[Contact Joel S. Hirschhorn through]


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18 thoughts on “Replace Third Party Delusions With A Political Boycott by Joel S. Hirschhorn

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  7. Joel , ”stop feel good voting ”? i have worked and voted for candidates that are independent and 3rd party becuase i believe in the primacy of conscience . i vote and work hard for something i believe in . this article is more naysaying against excercising ones conscience .

    j.s.mill said ”it is the collision of opinions that brings truth ”. Besides , a 3rd party won –when Abe Lincoln was at the top of the ticket . also , the Bull Moose party got 28 per cent of the vote ( that is 4 % shy of the presidency ). Perot got 19% . Not to mention that major partys must adopt at least some of the platform of a successful 3rd party . this is a historical fact.

    3rd partys have changed American history by their pressure that says ”if you dont adopt this you will lose votes. They are countless examples of this — Norman Thomas and the Socialist’s Party on FDR. Perot on the Deficit . Lafolette on Wilson and the early sufferagettes. Nader and the Greens on the environment

    • Joel , one more thing — history shows that the power of the 3rd party ‘s effects has cancelled your view that voting third party is a ”delusion ”. in fact , it is practical . all the powers that be care about is losing votes. they think that they are entitled to them . when a independent or 3rd party says ” shape up or ship out , adopt this and that or you will lose to the other major party ”… survive as a major party they have to adopt it . THEY HAVE TO ! if not they will learn the hard way .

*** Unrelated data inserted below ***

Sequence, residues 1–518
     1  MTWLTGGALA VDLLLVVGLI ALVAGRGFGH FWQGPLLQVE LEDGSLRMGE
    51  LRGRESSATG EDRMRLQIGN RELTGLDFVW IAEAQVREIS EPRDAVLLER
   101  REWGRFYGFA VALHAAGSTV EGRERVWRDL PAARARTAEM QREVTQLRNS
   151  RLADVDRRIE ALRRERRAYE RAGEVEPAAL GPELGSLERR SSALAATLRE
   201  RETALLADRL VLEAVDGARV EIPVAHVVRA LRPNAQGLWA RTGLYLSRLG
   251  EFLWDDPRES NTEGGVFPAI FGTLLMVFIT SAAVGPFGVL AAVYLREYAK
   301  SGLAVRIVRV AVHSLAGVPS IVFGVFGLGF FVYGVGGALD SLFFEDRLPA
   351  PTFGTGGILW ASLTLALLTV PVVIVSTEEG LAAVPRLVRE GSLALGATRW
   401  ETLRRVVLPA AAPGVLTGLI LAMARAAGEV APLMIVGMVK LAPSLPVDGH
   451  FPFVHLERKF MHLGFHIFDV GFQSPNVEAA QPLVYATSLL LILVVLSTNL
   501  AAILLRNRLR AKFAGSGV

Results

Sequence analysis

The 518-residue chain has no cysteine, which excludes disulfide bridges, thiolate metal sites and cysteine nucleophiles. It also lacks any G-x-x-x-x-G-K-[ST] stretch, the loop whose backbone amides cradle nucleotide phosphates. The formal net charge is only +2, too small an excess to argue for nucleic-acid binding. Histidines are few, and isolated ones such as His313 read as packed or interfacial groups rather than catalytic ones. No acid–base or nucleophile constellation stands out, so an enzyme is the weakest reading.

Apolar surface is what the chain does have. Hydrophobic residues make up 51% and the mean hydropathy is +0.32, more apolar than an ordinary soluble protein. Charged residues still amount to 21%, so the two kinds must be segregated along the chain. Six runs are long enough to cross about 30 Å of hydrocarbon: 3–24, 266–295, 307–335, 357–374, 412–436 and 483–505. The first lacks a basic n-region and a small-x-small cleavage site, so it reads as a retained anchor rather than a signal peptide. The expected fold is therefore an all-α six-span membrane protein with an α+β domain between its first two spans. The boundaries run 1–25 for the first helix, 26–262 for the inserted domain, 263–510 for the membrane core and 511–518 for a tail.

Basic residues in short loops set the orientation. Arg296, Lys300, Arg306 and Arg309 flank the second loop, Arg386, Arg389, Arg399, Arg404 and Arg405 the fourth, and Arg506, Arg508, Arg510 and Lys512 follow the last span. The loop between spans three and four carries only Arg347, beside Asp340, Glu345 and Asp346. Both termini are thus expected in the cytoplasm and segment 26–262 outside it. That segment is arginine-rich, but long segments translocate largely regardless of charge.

voting 3rd party is a strategy as well as a matter of conscience .

  8. As it now stands, roughly 50% of the potential electorate doesn’t vote. Has that delegitimized the electoral system? If the 2% of “delusional” Third Party voters stop voting, will the 52% of potential non-voters delegitimize the electoral system? On the other hand, if half of the 50% of non-voters voted Third Party, would that make a difference? You bet it would! And that is why people like Joel Hirschorn discourage voting. They are de facto agents of the dominant elite. Unless there is blatant fraud, elections are the primary way to initiate change. Because if you can’t get people to vote for you, they sure as hell aren’t going to join in your revolution. Perhaps that is why extending the franchise has been so bitterly fought down through the years. And if some sort of “revolution” does occur, it will probably be a response to blatant electoral fraud. Until then, dreams of revolution are the real delusion.